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EDITORIAL: The President’s reference to the Supreme Court seeking its opinion on the mode of holding the Senate elections seems set for a protracted legal battle, judging from the synopses and arguments presented so far in the apex court. For example, the Jamiat-i-Ulema-i-Islam-Fazl has opposed the reference seeking open balloting for the coming Senate elections, arguing that it has not been moved in good faith and is aimed at bypassing parliament. It further contends that the reference carries an inference that the Senate elections are not held under the Constitution but under the Elections Act 2017. Senator Raza Rabbani in his synopsis filed before the Supreme Court requests it to answer the reference in the negative since the Senate elections are, in fact, held under the Constitution (implying a secret ballot). Advocate Mudassir Hasan too has opposed the reference, arguing that it did not reflect bona fide intentions since it was moved at a time when the 26th Constitutional Amendment related to the issue was pending before Parliament. On the other hand, Advocate Qamar Afzal has supported the reference. Both these gentlemen have requested they be made party to the proceedings in the Supreme Court. Sindh Advocate General Salman Talibuddin has sought one week to submit the response of the Sindh government. Attorney General Khalid Jawed Khan has argued before the Supreme Court that through this reference, the President has requested interpretation of the Constitution with emphasis on Article 226, a task that falls within the exclusive domain of the apex court. Further, that the specific question for consideration is the scope of Article 226 and whether the reference to “elections under the Constitution” in it includes elections for Senators that are to be conducted under the Elections Act 2017. Arguing for the admissibility of the reference, the Attorney General referred to past judgements of the Supreme Court and other courts to underline that the opinion of the apex court on a reference does indeed have a binding effect. The Supreme Court, he went on, also ruled that no embargo could be placed on the President’s authority to seek the court’s advice on a question of law.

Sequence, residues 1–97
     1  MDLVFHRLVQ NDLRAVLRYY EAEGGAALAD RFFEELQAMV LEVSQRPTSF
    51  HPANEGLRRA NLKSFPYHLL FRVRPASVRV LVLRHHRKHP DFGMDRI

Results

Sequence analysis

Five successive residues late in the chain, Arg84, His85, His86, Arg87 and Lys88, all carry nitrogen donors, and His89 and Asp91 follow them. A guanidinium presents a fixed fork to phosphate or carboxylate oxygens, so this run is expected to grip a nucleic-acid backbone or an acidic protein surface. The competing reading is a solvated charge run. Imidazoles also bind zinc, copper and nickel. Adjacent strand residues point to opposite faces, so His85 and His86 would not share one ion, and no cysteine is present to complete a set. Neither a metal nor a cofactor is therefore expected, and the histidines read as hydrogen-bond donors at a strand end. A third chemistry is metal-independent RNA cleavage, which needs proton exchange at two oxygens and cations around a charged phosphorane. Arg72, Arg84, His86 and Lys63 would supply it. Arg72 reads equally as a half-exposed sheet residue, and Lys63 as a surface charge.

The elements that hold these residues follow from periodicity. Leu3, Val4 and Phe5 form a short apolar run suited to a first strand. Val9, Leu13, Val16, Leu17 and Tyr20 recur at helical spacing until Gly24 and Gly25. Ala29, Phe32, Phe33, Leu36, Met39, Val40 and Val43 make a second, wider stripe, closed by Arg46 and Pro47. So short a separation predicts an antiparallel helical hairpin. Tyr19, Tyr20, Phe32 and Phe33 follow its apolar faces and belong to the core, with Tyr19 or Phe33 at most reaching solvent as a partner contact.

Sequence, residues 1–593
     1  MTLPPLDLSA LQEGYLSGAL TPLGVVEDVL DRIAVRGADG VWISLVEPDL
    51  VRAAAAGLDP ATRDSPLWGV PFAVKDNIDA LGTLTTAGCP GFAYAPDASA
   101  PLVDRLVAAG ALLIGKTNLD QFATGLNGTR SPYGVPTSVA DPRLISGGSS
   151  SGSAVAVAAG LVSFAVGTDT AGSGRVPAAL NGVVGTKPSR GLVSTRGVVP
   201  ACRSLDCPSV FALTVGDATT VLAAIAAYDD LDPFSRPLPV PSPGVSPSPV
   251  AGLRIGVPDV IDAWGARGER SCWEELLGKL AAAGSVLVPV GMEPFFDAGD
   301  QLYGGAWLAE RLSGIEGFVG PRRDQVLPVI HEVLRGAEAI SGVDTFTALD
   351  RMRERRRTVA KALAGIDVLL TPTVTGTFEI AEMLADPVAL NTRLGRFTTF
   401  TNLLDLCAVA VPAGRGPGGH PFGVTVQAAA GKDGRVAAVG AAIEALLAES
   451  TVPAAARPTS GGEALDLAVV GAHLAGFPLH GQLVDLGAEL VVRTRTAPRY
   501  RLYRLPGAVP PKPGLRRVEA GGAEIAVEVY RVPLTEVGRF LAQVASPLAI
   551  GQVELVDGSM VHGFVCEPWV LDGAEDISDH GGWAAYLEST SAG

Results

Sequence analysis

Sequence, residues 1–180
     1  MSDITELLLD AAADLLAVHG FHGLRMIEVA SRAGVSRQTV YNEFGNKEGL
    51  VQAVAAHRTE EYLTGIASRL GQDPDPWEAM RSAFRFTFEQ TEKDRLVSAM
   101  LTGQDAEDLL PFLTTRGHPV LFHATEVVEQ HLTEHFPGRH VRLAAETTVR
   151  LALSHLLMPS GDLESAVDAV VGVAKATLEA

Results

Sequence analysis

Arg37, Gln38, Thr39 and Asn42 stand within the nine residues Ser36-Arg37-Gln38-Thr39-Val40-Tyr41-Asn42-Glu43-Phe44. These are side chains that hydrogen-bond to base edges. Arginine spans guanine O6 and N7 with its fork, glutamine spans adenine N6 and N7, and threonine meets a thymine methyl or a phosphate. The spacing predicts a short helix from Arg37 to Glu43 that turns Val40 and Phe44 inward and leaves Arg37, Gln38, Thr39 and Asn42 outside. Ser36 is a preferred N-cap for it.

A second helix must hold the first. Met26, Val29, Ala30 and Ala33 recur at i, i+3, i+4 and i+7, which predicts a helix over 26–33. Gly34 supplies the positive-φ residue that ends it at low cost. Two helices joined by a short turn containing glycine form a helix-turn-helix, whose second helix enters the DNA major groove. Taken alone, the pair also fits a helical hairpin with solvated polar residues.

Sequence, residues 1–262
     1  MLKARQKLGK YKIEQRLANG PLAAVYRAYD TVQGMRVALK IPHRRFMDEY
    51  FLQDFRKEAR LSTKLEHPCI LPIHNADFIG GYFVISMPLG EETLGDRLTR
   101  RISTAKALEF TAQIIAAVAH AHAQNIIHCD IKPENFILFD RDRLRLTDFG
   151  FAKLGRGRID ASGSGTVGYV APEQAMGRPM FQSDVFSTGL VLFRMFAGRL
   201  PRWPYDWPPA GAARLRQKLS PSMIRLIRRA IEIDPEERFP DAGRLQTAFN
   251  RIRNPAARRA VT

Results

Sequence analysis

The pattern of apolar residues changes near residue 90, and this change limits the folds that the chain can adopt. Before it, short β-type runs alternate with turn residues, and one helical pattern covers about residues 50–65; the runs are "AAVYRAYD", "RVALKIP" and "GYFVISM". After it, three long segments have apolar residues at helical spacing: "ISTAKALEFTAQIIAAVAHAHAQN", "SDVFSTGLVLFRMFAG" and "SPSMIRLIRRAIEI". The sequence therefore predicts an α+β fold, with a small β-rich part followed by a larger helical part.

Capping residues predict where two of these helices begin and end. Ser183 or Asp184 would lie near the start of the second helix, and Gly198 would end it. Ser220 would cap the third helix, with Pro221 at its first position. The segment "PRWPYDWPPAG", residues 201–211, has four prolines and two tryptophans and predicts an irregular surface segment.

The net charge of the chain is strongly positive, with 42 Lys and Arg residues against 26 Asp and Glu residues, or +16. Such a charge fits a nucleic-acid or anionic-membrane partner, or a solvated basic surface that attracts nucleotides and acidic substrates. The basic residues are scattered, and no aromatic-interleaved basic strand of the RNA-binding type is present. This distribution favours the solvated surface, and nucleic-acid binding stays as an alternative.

The arcane legal and constitutional arguments are of course for the Supreme Court to examine. However, it does appear somewhat strange that a government that has moved the 26th Constitutional Amendment and a Bill to amend the Elections Act 2017, both aimed at open balloting for Senate elections, appears to have ‘abandoned’ these in favour of the reference to the Supreme Court. One possible reason for this may be that the government does not enjoy a two-thirds majority in Parliament, which rules out the passage of any constitutional amendment, nor enjoys good relations with the opposition, a necessary condition perhaps for even ordinary legislation such as the amendment to the Elections Act 2017. It may also be kept in mind that the Senate elections are looming in March 2021, if not earlier, as the government would prefer. Chief Justice of Pakistan Gulzar Ahmed stated after hearing the detailed submissions of the Attorney General that the issue would need to be addressed keeping in mind the whole scheme of the Constitution, not bits and pieces. Beyond this, it is simply inexplicable how the Senate elections held under proportional representation through a single transferable vote can be conducted through open balloting or a show of hands. Observers are still puzzled why the government is in such a hurry to hold the Senate elections earlier than March and that too through open balloting. Whatever their considerations, it must be kept in mind that democracy requires careful nurturing, even in an established and mature democracy like the US, as outgoing President Donald Trump’s shenanigans regarding storming of Capitol Hill by his supporters indicates. For a democracy still to sink firm roots such as ours, greater care is required that we follow the letter and spirit of the law and Constitution if a better outcome is sought free of personal or partisan vested interest.

Copyright Business Recorder, 2021